All of this means that Sweeney, like most parents of children with autism, had learned to avoid the traditional theater. She recalled an incident that occurred at another Broadway production she brought Dusty to five years ago, which ended in mother and son being asked by staff to leave the venue. Dusty was visibly upset, said Sweeney, who called the moment "one of the lowest points in my life."
So, "just like we have built wheelchair ramps to accommodate people with physical disabilities, we need to provide accommodations for people with autism so they can be part of our community and share in the activities that other people enjoy," Dawson reasoned.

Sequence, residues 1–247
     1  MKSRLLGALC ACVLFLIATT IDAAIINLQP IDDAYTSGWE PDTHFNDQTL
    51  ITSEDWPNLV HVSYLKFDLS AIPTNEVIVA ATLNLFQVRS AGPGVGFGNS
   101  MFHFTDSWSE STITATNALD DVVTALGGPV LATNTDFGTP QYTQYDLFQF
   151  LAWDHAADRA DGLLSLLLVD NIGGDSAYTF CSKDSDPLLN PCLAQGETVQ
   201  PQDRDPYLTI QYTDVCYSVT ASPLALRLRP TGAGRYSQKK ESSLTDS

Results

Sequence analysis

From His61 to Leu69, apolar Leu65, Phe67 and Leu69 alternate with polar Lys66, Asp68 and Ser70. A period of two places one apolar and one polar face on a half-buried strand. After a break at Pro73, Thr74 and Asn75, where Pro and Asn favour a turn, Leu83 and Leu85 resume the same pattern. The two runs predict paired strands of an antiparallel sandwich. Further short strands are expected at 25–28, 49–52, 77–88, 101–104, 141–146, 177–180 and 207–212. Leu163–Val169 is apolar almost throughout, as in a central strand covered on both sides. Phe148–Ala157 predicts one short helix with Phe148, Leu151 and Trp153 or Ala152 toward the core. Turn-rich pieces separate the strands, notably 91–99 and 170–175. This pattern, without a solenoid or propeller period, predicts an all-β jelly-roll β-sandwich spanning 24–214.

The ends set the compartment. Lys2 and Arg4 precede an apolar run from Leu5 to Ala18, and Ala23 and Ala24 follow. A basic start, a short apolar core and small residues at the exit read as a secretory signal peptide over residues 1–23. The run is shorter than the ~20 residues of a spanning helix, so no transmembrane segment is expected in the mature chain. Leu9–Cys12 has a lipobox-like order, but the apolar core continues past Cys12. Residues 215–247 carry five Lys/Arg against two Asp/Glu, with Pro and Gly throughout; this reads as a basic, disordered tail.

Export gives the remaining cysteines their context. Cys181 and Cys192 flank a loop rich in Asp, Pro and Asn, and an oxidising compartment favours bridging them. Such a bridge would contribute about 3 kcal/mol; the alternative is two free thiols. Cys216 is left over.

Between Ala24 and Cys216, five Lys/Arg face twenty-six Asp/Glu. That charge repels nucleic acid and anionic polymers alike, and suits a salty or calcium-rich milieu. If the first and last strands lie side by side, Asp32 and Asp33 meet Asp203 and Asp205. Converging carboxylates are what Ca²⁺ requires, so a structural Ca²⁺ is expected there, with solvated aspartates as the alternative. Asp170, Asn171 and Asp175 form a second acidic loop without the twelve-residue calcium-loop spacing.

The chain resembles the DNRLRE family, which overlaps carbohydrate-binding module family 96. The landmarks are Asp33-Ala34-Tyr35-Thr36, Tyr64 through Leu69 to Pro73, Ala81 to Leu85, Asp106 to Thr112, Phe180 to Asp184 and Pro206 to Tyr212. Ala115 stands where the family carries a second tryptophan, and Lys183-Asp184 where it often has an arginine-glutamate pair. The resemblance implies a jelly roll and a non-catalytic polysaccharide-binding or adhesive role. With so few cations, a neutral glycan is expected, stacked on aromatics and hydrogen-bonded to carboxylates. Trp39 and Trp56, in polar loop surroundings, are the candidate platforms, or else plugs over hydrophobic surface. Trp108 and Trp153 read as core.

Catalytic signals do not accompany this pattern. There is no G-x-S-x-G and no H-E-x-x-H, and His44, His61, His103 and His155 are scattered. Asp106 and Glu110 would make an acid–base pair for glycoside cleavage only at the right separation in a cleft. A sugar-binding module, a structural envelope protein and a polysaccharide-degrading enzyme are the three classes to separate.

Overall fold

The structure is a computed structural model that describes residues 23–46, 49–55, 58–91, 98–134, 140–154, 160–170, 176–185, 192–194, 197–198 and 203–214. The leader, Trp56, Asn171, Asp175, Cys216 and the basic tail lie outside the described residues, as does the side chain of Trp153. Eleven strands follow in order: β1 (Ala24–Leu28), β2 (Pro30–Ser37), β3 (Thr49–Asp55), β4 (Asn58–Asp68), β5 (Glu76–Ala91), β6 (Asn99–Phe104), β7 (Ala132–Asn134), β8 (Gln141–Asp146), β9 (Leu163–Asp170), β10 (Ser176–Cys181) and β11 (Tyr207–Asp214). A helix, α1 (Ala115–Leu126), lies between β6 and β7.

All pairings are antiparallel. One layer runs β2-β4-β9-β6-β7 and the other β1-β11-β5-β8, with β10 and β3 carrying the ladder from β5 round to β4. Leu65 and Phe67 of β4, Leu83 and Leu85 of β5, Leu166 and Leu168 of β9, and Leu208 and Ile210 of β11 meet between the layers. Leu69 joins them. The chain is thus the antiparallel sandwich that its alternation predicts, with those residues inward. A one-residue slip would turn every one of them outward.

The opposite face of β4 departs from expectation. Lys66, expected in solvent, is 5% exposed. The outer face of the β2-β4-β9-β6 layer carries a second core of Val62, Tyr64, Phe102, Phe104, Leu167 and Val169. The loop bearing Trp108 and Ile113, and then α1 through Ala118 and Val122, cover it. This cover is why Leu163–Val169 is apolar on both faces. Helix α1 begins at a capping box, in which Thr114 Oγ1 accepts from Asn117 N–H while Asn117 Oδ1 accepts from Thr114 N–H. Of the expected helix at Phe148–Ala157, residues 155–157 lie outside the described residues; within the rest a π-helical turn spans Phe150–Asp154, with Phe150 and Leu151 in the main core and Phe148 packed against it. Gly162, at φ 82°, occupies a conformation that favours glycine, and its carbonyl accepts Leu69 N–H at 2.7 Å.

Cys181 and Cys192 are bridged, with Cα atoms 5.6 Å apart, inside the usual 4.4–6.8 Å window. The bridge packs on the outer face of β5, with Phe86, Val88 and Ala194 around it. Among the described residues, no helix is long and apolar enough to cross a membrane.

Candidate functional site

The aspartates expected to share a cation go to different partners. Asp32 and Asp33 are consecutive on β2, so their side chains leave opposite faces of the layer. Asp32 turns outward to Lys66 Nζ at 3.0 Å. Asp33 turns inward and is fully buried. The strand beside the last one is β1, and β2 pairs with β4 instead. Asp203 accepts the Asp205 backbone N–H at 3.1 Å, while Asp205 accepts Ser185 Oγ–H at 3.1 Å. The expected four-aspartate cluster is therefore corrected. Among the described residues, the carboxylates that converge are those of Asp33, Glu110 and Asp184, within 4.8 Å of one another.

October's autism-friendly performance of "The Lion King" was the brainchild of the Theatre Development Fund (TDF), the nation's largest nonprofit art services organization, and it marked the launch of its "Autism Theatre Initiative."
"We have many different programs that focus on reaching out and making theater available to audiences with a range of physical disabilities," noted Lisa Carling, director of TDF's Accessibility Programs. "Special Ed teachers we've worked with in the past -- to provide accessible performances for students who are deaf or have vision issues -- asked us what we could do for students on the autism spectrum," Carling explained.
"There wasn't really a way that we could see to integrate a typical Broadway house [audience] with this kind of audience," Carling stressed. "It wouldn't have served the purpose of creating an accepting environment where everyone could just be themselves without being judged. So we decided that the best thing to do was simply buy out the entire house [for an autism-spectrum audience]."
And so they did, partnering up with Disney, which invited a panel of four autism experts to check out
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